Space is certainly a place, and one of the benefits of being a geographic combatant command are significant. The 100km altitude line also provides a clear demarcation of responsibility for coordination with other AOR’s.
Importantly, it means that the new U.S. Space Command has the power on the Joint Requirements Oversight Council (JROC) — the body that gets to decide what are valid requirements to spend taxpayer dollars on — to specify what other services may need to acquire to support the space AOR. If, for example, the Air Force needed to purchase airborne lasers, or the Army or Navy to purchase anti-satellite lasers or missiles to defend against the threat of a space blockade.
It also gives them the ability to lay out supporting actions, such as might be required within a terrestrial AOR to use Navy, Army, Air Force or special forces direct action to suppress adversary space forces in a conflict. The clarity of being a geographic combatant command makes such a supported/supporting relationship easier.
Such capabilities are important to secure the interests of American spacepower because, for the next couple decades, the balance of space denial capabilities will reside in the Army, Navy, Air Force, special forces and clandestine services — and the terrestrial combatant commands in which those forces reside and are controlled. For the U.S. Space Command to secure its own AOR, it will need to request and be supported by those terrestrial services. In fact, we should count on the reality that for any serious conflict, U.S. Space Command will be the “supported command” for the first phase of conflict where both powers either are signaling their seriousness or are attempting to render the other deaf and blind in the first minutes and hours.
Because a possible great power conflict would certainly begin in space — and more importantly preventing such a conflict will depend upon creating a credible deterrent posture — we don’t want to disadvantage ourselves by putting U.S. Space Command in a subordinate status where it does not have adequate bureaucratic power within the Pentagon to push for weapons systems and counter-space support. We must demand the next UCP sets up the U.S. Space Command as a geographic combatant command. A max-effort counter-space flight would certainly be transregional, multi-functional, and multi-domain, requiring coordination among many actors. But while some question the relevance of geographic combatant commands, what they enable is continuity and focus of operational expertise in a specific geographic AOR. That focus ensures indications and warning and enables a deterrent or winning posture.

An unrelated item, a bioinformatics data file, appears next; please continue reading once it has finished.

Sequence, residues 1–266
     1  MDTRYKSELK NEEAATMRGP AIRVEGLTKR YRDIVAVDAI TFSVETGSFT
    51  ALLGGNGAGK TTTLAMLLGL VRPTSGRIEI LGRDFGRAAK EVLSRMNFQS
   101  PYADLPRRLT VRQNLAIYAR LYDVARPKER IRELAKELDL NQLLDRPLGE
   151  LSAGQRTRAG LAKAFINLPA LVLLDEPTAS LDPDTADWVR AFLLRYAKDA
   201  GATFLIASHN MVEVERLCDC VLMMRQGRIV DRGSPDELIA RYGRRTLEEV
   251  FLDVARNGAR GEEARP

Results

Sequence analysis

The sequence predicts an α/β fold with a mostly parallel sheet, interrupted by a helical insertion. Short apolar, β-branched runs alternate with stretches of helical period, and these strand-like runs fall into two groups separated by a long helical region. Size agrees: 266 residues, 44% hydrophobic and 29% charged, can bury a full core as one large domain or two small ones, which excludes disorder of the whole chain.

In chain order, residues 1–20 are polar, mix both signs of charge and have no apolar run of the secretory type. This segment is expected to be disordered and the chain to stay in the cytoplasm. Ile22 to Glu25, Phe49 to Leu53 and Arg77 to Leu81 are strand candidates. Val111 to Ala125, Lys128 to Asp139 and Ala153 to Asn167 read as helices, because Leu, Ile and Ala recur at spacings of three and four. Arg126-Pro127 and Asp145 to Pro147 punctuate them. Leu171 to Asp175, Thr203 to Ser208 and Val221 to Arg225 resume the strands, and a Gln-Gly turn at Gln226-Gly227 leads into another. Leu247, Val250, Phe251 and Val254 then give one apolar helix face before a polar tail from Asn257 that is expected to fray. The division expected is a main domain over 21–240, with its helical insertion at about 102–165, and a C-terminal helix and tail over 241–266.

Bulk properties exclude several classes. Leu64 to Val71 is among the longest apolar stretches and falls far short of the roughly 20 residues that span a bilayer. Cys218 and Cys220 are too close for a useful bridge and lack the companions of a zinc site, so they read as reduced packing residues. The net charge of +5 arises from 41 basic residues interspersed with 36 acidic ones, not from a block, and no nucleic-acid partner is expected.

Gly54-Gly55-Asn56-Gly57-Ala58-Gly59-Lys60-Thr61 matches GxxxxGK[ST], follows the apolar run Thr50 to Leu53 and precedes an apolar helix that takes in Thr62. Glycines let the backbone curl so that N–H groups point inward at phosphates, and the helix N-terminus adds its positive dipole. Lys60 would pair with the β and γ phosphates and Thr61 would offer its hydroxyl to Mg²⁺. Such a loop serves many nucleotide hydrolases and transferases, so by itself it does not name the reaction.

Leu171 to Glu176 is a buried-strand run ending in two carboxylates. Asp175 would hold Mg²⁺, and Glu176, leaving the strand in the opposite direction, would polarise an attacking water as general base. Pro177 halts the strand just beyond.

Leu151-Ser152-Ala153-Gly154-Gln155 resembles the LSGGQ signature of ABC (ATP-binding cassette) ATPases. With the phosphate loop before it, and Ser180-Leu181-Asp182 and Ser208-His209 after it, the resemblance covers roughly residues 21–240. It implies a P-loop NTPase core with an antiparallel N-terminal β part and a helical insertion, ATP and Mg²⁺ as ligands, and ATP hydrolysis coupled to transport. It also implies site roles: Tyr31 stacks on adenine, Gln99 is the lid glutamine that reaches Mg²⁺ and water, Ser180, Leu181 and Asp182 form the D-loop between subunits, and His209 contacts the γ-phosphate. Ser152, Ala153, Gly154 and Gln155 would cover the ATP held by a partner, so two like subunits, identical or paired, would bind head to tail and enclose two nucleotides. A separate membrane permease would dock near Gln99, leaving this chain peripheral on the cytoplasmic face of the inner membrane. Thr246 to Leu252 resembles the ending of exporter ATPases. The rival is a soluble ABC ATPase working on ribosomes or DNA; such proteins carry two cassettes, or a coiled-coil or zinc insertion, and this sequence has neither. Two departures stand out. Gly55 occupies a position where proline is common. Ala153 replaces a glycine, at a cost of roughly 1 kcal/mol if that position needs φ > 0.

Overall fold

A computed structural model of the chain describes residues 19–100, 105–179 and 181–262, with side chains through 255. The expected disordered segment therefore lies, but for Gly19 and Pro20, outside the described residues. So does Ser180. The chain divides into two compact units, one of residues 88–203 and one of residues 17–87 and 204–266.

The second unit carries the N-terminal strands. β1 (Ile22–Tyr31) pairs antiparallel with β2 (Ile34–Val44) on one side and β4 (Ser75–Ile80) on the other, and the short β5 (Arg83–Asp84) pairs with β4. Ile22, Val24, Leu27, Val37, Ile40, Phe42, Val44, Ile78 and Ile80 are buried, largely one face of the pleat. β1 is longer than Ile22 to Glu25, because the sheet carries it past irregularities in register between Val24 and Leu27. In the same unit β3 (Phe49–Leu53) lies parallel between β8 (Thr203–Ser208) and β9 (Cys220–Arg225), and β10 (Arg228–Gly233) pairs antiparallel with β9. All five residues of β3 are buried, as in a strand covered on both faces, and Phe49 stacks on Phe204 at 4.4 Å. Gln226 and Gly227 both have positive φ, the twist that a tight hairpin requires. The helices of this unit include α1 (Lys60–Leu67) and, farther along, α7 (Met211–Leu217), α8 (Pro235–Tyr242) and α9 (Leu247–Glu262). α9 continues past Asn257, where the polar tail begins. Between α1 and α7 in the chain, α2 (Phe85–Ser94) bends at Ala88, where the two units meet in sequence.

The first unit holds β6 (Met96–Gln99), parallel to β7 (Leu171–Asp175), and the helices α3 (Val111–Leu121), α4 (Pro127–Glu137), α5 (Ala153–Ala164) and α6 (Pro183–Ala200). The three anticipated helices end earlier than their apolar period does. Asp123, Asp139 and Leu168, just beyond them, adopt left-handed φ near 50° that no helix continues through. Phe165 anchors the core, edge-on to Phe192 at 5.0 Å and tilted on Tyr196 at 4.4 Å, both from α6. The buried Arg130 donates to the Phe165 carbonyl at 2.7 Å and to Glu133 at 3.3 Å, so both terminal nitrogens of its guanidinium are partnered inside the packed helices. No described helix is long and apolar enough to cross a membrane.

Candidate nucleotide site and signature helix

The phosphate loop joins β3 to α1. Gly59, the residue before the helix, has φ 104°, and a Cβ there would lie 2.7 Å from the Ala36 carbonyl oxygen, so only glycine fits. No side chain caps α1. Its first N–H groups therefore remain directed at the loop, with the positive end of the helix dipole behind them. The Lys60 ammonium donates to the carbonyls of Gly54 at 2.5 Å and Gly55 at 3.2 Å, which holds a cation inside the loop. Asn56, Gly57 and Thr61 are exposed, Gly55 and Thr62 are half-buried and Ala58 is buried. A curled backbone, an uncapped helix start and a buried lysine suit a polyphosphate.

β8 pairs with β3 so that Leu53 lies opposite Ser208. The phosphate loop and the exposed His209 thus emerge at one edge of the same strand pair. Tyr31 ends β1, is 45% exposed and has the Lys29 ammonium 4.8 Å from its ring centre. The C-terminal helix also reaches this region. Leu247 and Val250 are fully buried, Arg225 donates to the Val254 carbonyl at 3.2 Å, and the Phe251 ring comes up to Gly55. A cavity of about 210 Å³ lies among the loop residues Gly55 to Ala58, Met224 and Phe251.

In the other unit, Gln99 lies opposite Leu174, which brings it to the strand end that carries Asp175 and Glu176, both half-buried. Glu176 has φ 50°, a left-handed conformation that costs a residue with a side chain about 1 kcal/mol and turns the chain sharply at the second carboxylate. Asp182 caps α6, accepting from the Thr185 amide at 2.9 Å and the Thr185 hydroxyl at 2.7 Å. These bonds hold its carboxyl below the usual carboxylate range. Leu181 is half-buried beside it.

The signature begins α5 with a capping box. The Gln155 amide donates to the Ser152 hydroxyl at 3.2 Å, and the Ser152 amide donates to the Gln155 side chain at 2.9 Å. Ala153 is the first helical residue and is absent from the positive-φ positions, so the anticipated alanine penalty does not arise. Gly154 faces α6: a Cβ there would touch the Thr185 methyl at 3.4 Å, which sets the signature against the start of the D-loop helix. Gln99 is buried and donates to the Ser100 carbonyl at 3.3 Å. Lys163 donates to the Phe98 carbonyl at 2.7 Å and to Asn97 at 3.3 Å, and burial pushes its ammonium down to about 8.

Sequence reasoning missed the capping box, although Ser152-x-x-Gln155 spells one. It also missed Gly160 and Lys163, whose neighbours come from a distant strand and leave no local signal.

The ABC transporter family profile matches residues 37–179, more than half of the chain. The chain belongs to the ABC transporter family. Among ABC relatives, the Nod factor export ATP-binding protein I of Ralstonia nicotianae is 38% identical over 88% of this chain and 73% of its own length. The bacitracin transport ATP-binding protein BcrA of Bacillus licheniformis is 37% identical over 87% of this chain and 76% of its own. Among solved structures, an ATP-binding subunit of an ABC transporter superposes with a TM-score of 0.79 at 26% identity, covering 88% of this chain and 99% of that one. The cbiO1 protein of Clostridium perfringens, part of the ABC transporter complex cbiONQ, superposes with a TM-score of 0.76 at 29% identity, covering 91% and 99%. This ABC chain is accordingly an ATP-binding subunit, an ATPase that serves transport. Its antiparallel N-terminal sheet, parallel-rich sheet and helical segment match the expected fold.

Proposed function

Merely making U.S. Space Command a geographic command without extending the full breadth of Cis-Lunar space would be to leave the majority of a potential campaign area out of the commander’s imagination. A failure to prepare or surveil the flank could be disastrous. A failure to consider the long-term potential of coercion of our celestial lines of commerce could likewise prove costly. As a result, we must demand that the next UCP specifies a Cis-Lunar AOR.
Peter Garretson is an independent strategy consultant who focuses on space and defense, and a senior fellow in Defense Studies with the American Foreign Policy Council (AFPC). He was previously the director of Air University’s Space Horizons Task Force, America’s think tank for space, and was deputy director of America’s premier space strategy program, the Schriever Scholars. All views are his own.